Celebrating Mabo Day.
Proudly Presented by the City of Port Phillip and The St Kilda Esplanade Market.
Mabo Day June the 3rd marks an annual day of significance and celebration for First Nations Peoples in remembrance which commemorates Eddie Koiki Mabo, a Torres Strait Islander whose campaign for Indigenous Land rights led to a landmark Native Title decision of the High Court of Australia that, on 3 June 1992, overturned the legal Fiction of Terra Nullius or Unoccupied land, which had characterised Australian law with regards to land and title since 1770, now recognised the original inhabitants of Murray Island as the true owners.
Mabo Day is also a significant day celebration on the City of Port Phillips Civic Events calendar. In 2023, The City of Port Phillip is proud to present Mabo Day Celebrations in partnership with the Esplanade Markets in St Kilda featuring a range of First Nations performances.
JARAN ABORIGINBAL & TORRES STRAIT ISLANDS DANCE COMPANY (CREEDENCE BLANCO)
Jaran, which means fresh water in the language of the Yugumbeh People, is unique in that its performances combine Aboriginal as well as Torres Strait Islander dance and in doing so provide a truly enriching cultural experience. Creedence Blanco who spearheads Jaran was given the honour by his Elder Uncle Magpie to be the custodian of songs, so he is a songman, didgeridoo player and the lead cultural dancer.
INDIGENOUS OUTREACH PROJECTS (IOP HIP HOP)
Indigenous Outreach Projects, aka I-OP Hip Hop Crew, are a culturally diverse national collective. For over two decades they have been showcasing their passion and professional talents connecting with community, especially youth, engaging them through music and dance. IOP projects focus on delivering health and well-being messages through their motto “no shame, be proud, respect” which encourages a strong mind, body, spirit and culture.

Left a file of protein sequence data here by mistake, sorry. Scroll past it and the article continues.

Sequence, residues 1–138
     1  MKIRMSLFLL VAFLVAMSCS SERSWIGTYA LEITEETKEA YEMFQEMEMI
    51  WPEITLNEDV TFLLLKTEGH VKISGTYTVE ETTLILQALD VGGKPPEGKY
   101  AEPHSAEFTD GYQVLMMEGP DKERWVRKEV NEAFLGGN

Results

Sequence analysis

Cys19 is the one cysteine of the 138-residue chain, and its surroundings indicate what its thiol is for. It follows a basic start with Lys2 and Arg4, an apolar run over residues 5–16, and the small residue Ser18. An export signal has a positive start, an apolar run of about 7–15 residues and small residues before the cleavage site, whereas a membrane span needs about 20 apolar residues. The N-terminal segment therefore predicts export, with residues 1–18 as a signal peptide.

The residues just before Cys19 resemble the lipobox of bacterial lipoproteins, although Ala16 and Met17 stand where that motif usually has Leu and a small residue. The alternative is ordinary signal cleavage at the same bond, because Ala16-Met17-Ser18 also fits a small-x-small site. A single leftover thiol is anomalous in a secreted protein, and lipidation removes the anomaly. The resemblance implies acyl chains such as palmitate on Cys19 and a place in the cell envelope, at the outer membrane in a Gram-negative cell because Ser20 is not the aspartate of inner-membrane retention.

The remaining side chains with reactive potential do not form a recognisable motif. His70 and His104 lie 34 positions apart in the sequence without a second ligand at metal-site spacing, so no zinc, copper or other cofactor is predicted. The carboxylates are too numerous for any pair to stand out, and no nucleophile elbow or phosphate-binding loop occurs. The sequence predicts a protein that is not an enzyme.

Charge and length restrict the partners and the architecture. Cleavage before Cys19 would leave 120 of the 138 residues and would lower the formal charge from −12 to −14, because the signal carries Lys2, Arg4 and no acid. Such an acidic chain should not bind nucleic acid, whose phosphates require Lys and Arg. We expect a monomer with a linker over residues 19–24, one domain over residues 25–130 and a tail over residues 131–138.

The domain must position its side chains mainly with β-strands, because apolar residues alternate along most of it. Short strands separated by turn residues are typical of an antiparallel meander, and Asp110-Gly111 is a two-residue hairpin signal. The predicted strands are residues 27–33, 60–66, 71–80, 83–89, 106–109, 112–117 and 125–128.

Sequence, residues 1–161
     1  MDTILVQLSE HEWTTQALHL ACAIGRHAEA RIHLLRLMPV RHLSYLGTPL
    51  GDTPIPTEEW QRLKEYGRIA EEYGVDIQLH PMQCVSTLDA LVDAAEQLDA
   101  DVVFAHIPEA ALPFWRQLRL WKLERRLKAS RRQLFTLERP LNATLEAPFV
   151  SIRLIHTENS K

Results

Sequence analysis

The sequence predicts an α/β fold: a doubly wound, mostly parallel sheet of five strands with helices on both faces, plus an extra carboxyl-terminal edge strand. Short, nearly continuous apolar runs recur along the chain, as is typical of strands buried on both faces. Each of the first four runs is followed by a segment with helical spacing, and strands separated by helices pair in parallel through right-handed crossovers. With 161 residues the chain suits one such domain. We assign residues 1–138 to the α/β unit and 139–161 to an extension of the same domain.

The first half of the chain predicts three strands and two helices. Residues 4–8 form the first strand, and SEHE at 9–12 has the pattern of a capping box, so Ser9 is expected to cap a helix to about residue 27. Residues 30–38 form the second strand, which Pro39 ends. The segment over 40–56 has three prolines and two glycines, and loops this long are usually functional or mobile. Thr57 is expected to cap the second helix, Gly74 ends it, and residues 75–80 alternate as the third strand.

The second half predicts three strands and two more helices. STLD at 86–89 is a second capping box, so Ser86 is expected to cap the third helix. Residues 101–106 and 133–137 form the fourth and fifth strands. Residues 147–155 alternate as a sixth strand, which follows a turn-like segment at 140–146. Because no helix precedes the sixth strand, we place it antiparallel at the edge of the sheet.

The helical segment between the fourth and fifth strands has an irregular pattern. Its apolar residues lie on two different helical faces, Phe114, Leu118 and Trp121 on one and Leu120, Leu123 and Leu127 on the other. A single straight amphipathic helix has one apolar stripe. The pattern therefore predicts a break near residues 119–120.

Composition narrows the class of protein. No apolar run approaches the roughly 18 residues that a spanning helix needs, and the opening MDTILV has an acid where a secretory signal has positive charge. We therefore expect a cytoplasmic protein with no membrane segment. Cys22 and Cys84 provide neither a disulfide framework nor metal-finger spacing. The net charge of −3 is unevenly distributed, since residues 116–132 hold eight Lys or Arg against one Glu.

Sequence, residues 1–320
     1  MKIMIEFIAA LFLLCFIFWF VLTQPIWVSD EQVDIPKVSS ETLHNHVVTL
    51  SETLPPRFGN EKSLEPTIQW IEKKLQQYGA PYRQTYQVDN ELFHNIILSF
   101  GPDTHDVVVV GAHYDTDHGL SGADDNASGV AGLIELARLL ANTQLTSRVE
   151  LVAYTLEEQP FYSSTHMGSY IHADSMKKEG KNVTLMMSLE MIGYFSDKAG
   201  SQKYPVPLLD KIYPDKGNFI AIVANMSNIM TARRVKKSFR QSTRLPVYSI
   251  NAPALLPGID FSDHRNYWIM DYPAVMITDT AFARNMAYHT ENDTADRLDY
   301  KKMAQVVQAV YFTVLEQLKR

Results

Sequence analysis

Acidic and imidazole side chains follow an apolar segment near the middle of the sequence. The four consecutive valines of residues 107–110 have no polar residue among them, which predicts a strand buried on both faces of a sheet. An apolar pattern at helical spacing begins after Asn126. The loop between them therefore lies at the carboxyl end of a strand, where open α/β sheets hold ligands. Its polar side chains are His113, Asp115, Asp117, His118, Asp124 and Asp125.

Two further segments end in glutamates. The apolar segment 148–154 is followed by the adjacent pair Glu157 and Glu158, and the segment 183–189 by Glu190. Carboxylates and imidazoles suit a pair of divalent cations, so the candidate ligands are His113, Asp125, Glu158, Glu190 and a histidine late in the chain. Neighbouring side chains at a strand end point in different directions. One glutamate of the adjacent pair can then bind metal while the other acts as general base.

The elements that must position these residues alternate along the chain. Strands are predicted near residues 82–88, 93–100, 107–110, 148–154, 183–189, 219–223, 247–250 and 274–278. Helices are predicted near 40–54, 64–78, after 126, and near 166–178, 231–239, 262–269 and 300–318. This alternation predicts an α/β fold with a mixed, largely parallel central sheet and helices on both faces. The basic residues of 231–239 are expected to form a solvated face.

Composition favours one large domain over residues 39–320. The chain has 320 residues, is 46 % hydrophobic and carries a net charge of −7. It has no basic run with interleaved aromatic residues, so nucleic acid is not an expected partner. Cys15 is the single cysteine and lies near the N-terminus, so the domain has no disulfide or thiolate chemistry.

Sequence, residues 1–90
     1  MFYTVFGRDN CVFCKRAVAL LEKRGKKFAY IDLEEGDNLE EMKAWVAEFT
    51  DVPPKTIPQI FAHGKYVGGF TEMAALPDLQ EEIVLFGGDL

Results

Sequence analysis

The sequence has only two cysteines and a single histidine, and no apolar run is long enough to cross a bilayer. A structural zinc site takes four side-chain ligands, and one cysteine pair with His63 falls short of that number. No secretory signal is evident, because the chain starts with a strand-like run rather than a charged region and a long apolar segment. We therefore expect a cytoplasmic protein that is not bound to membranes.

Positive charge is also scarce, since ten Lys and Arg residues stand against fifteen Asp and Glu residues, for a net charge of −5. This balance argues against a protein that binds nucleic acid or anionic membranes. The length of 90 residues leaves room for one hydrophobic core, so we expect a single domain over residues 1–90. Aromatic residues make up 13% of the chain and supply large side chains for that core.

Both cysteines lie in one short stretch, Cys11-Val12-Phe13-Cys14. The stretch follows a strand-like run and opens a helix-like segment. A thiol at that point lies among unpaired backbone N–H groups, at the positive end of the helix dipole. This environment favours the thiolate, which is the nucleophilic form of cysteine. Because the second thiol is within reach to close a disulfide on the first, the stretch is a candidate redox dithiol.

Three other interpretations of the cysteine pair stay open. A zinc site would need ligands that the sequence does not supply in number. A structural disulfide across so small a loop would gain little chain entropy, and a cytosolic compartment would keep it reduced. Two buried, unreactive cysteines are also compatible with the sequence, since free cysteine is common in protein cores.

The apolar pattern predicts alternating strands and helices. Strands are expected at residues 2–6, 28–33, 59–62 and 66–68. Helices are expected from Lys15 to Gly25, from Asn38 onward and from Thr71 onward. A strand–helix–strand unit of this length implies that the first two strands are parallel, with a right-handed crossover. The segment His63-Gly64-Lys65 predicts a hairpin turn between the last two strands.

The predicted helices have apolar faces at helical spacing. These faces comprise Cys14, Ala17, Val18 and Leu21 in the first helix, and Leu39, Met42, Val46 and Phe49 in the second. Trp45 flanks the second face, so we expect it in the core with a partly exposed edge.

BANKDOK TATI (SMALL ANT BROTHERS)
Bandok Tati, meaning ‘small ant brothers’, is a group of Aboriginal boys, aged 8-20 years old, who stay connected to their culture through traditional song and dance. Bandok Tati was formed and is currently based on Bunurong (Boonwurrung) Country. The boys also have many ties to different parts of the lands of Central and Southern Victoria, including Gunaikurnai, Dja Dja Wurrung and Wurundjeri Country. They also have ties to Western Australia, South Australia and Southern NSW. The boys are well educated in their culture as they have been around culturally knowledgeable people from a young age, by way of things such as dancing, events and families passing down stories. Bandok Tati is a family, a brotherhood. The members of Bandok Tati have known each other from a young age due to their families being close and the boys share blood ties with each other.
Amos Roach is an award-winning musician, dancer, director and proud Djab Wurrung, Gunditjmarra Ngarrindjeri man. Amos has been playing keyboard, guitar, bass and Yidaki since he was eight, and is acknowledged as one of Australia’s best Yidaki players. A cultural practitioner, traditional First Nations culture informs the fundamentals of his craft. Amos’ music is part of the songline that connects people and Country. He uses traditional instruments, songs, music and dance to tell stories of Songlines, Family and Country and aims to bring traditional instruments into the mainstream canon.
11 am - Acknowledgement by Amos Roach
11:30 am - Small Ant Brothers (20 mins)
12:15 pm - IOP Show (30 mins)
1:30 pm - Amos Roach (45 mins)
2:30 pm - Jaran Aboriginal & Torres Strait Islander Dancers (20 mins)
- Sun 4 June
- 11:00am - 4:00pm